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People usually think of and turn to financial institutions whenever they have surplus cash for investment or savings. With numerous financial institutions in the country, the decision to choose which one to turn to becomes even harder.
In Ghana, Kenya, Nigeria and other African countries there are smaller financial institutions apart from the major banks, who serve the micro-businesses and SMEs. However, not all depositors and investors have had pleasant experiences with microfinance institutions in countries like Ghana, despite their high interest rates. It does not also imply that the public should stop doing business with them.
One of the criteria you should be looking at is the size of the microfinance institution you are about to invest with. This is important if you’re investing huge sums of money. To be safe, the money you’re investing should not exceed more than 10% of the total the institution’s funds under management. This cushions you in the future when your investment matures and you want to make a withdrawal.
It’s quite a nervy feeling when giving your money to a microfinance which is new in business, especially where the management has little experience running a financial institution. Ideally, those that have stayed in business for longer periods, say a decade, have track records and history you can refer to and make an informed decision. Also, it shows that you can be comfortable with the management of the institution, for having kept the business in shape for more than 10 years and as such a 6 month or 1 year investment should not be a major problem.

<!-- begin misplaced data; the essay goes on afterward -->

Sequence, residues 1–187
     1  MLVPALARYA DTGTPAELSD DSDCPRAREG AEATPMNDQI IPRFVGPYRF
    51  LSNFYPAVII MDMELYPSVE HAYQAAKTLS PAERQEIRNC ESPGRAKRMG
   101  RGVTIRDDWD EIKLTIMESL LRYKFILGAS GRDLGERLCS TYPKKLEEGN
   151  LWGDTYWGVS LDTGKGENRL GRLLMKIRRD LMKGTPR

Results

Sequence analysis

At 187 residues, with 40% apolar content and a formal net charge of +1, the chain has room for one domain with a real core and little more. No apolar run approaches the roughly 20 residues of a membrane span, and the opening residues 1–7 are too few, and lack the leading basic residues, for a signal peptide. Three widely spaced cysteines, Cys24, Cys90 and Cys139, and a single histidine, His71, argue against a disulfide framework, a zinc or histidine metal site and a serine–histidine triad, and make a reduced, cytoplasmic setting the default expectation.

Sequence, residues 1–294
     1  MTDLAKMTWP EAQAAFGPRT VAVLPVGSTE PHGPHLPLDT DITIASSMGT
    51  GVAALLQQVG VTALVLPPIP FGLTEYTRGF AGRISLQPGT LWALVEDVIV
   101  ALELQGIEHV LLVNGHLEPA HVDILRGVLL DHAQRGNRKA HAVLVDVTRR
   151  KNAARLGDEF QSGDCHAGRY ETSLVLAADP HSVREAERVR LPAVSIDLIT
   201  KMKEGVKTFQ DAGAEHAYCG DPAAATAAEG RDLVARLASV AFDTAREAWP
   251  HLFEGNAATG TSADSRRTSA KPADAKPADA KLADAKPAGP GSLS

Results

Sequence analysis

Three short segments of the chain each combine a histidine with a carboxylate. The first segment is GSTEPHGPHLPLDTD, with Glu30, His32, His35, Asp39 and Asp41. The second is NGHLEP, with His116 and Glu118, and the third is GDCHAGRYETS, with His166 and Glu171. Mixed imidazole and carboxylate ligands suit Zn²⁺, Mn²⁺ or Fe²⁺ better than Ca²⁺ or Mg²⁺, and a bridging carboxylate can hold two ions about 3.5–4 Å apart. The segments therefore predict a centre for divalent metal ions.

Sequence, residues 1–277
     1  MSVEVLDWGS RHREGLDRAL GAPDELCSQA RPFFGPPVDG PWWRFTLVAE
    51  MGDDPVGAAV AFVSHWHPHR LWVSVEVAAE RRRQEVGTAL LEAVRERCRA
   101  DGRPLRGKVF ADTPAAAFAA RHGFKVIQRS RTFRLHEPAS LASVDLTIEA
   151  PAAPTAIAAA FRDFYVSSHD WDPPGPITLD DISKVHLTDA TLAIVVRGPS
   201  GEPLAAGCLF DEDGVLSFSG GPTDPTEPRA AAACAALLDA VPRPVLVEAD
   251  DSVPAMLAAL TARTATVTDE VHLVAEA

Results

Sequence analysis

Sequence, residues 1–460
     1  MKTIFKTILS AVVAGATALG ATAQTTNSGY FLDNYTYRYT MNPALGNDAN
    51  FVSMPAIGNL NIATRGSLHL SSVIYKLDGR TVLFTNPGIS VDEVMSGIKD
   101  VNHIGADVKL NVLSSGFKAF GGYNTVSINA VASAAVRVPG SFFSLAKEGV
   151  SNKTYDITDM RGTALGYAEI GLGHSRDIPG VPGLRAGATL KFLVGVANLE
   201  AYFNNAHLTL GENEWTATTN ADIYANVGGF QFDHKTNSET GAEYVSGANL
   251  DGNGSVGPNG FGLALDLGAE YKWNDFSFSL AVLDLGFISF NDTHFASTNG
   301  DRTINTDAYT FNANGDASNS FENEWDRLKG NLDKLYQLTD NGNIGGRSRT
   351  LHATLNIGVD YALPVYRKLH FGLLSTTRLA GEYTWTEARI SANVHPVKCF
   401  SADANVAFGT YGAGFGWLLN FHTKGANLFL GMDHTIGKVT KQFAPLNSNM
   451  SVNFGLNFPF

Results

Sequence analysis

Microfinance institutions spring up every now and then and you find one on each major street of Accra. But they also collapse almost as often as a new one is started. In my previous works conducted on why microfinance institutions fail, I found that managerial incompetence is a major reason. If you cannot assess the managerial competence of the institution, get a financial expert who can, before you part with funds into the sometimes greedy and incompetent hands of some of these managers of microfinance institutions.
I advise that you do not give a 100% of your money to a microfinance institution just because of the comparatively higher returns or interest they promise and pay. Why not? The risks that some of these institutions take with investors and depositors funds are sometimes too high not to result in losses. This affects your withdrawals with delayed payments. You can commit a maximum of 20% of your investable funds with them.
Investing your money with a microfinance institution often carry a higher risk than the bigger or universal banks, but these pointers should help you when giving them your money.
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